There are so many variables in vinyl playback that the cartridges can sound vastly different when mounted on specific combinations of turntables, arms, etc., along with the electronics they are being fed to and the interconnects between them. And don't get me started on the torture called "alignment." (The one thing I dread about the whole process--bad eyes and fumbling fingers are two things I didn't suffer from 25 years ago.) I liked the MCs but felt as though I was missing something with all of them, part of it being that they were detailed but perhaps a little too "polite" for my taste. The Nagaoka in my setup just has the cojones the MCs couldn't touch, and it seems the music flows much better for me. I find it handles classical and acoustic music quite well, without falling short when grabbing one of the hot-cut 12" singles from the 70s and 80s.

That's probably the long way of saying the tired corporate term "synergy."

And that's almost why I hate to be looking at replacing the turntable...upsetting the apple cart, as it were. 😁
 

JohnVF

Administrator
Staff member
There are so many variables in vinyl playback that the cartridges can sound vastly different when mounted on specific combinations of turntables, arms, etc., along with the electronics they are being fed to and the interconnects between them. And don't get me started on the torture called "alignment." (The one thing I dread about the whole process--bad eyes and fumbling fingers are two things I didn't suffer from 25 years ago.) I liked the MCs but felt as though I was missing something with all of them, part of it being that they were detailed but perhaps a little too "polite" for my taste. The Nagaoka in my setup just has the cojones the MCs couldn't touch, and it seems the music flows much better for me. I find it handles classical and acoustic music quite well, without falling short when grabbing one of the hot-cut 12" singles from the 70s and 80s.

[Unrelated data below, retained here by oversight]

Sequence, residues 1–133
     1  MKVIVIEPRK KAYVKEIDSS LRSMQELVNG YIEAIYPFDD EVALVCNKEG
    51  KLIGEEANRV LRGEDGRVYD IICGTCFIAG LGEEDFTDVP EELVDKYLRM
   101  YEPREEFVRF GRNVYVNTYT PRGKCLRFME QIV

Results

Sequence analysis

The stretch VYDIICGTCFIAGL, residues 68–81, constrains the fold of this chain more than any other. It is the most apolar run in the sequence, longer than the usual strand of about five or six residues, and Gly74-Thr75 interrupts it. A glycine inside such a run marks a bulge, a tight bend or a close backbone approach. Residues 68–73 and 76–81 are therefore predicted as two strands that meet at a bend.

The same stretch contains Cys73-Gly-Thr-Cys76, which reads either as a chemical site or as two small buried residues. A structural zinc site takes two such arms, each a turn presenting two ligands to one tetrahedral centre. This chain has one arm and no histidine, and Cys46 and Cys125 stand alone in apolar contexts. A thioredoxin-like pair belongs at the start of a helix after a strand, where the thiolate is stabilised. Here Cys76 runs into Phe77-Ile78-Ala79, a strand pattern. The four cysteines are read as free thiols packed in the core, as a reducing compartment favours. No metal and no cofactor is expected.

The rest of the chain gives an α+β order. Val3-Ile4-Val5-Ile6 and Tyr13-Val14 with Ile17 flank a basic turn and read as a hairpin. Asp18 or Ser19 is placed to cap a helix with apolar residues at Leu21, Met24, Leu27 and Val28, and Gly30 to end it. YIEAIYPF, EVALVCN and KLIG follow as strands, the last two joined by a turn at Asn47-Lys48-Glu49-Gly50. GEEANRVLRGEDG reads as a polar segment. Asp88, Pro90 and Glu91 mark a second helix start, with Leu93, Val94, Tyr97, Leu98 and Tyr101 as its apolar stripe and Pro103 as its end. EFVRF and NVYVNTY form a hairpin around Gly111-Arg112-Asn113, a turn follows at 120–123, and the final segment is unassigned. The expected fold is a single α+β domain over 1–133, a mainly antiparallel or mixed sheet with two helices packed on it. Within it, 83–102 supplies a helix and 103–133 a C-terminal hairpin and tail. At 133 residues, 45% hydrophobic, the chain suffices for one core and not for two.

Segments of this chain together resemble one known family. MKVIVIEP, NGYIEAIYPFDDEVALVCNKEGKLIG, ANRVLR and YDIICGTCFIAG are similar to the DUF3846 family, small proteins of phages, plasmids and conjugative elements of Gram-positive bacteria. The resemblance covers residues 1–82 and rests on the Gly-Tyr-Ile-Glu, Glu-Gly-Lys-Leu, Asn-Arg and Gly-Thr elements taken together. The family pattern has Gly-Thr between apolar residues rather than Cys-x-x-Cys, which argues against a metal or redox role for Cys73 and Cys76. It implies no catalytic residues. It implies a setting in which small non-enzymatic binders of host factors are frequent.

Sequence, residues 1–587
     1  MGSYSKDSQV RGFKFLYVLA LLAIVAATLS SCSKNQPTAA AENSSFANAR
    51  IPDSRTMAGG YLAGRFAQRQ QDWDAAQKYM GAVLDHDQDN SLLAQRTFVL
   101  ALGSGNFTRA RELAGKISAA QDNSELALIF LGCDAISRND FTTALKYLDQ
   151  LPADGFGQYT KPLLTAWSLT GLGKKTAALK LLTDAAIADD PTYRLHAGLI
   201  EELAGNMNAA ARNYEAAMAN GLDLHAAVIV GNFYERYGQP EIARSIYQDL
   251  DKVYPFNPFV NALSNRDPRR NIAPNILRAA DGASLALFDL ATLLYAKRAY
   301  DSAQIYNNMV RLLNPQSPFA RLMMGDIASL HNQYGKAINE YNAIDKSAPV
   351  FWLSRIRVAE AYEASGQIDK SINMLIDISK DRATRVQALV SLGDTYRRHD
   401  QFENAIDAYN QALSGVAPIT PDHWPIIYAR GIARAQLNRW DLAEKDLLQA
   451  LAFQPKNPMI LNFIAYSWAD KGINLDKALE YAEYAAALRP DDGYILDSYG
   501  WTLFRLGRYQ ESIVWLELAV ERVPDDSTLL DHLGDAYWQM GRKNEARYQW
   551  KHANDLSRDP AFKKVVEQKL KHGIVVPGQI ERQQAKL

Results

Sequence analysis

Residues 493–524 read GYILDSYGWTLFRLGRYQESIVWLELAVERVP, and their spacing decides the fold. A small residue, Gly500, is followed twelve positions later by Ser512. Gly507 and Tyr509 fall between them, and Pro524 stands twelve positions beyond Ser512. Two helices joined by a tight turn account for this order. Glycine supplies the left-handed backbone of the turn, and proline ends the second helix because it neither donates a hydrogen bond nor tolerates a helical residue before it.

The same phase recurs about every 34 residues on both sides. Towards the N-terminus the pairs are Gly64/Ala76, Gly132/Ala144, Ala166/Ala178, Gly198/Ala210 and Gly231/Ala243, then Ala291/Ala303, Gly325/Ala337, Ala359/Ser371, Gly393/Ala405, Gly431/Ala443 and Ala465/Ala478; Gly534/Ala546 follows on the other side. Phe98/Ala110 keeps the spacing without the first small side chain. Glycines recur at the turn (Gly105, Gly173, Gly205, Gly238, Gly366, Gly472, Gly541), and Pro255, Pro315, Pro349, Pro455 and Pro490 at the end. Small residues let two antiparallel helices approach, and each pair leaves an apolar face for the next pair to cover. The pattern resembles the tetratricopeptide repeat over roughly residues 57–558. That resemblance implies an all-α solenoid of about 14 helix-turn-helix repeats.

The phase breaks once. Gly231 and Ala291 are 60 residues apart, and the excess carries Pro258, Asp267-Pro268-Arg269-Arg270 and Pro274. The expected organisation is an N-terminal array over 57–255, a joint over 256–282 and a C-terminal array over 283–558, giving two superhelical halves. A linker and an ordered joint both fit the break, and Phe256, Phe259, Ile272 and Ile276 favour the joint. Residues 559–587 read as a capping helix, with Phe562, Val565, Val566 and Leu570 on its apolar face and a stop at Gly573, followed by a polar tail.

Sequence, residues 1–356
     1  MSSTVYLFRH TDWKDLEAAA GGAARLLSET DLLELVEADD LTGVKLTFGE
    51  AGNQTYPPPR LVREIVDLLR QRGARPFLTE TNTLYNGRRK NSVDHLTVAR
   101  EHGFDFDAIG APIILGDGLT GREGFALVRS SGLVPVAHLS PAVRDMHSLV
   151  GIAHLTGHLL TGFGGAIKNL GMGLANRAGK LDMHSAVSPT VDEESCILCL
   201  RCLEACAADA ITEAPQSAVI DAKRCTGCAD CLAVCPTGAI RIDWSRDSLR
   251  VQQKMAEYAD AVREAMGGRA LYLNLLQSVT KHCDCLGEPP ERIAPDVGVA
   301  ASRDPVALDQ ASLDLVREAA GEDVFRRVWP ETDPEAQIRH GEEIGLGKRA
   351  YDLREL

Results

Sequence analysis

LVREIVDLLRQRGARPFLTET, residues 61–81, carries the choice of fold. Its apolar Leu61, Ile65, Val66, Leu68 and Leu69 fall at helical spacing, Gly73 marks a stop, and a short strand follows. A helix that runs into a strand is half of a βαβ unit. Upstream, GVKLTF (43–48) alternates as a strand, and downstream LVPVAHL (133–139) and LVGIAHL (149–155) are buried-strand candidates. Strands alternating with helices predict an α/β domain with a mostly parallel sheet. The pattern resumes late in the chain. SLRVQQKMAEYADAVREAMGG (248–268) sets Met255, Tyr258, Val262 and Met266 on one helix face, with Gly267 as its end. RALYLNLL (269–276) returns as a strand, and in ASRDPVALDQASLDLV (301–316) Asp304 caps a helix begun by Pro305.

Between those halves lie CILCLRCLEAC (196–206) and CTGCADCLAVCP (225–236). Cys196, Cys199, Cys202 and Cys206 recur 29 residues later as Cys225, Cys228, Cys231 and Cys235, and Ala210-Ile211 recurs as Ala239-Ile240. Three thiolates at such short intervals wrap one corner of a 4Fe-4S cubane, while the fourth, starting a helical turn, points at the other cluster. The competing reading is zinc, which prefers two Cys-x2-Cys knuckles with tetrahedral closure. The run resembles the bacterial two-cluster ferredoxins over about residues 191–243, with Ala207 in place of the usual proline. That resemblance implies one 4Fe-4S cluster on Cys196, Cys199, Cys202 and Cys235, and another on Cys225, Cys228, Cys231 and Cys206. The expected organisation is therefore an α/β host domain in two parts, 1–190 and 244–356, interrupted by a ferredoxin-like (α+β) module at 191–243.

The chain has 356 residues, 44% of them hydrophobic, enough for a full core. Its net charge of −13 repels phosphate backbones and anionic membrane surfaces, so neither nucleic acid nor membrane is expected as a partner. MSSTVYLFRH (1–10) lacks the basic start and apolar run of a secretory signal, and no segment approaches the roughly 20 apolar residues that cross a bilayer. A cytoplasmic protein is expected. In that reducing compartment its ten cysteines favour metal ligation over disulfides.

That's probably the long way of saying the tired corporate term "synergy."

And that's almost why I hate to be looking at replacing the turntable...upsetting the apple cart, as it were. 😁
I struggled with LOMCs for years and as recently as 2015 wrote them off entirely after several disappointing rounds with them. But I'm also not all-in on either type. I just really like my Ortofon Cadenza (and the Dynavector that's getting sent off for a retip).

To bring this back to the thread, I'll also add that I think the phono-preamp is far-more important than the choice between MM/MI and MC.
 

JP

Junior Member
In very broad strokes with MM load capacitance is something that needs to be considered, resistance second. MC the load usually isn't all that critical, though SUTs need specific loading on the secondaries so that the transformer behaves. Typically accomplished with a zobel, and specific to the electrical characteristics of the cartridge. Almost no one does this. Nailing these things can get you to well-behaved characteristics, at least as good as the cart is capable. If that matches with your preferences is anyone guess, as is what'd be required to get to those preferences.
 

prime minister

Site Owner
Staff member
My ASR really taught me what can be found in the grooves of a record. Its incredibly adaptable to any cartridge you can have. MC or MM. Low or High output. Any and all loading options, to bring the best out of any cartridge. Of course, its lists at pushing ten times the price the OP is wanting to spend. But, it's also the last phono preamp I will ever buy.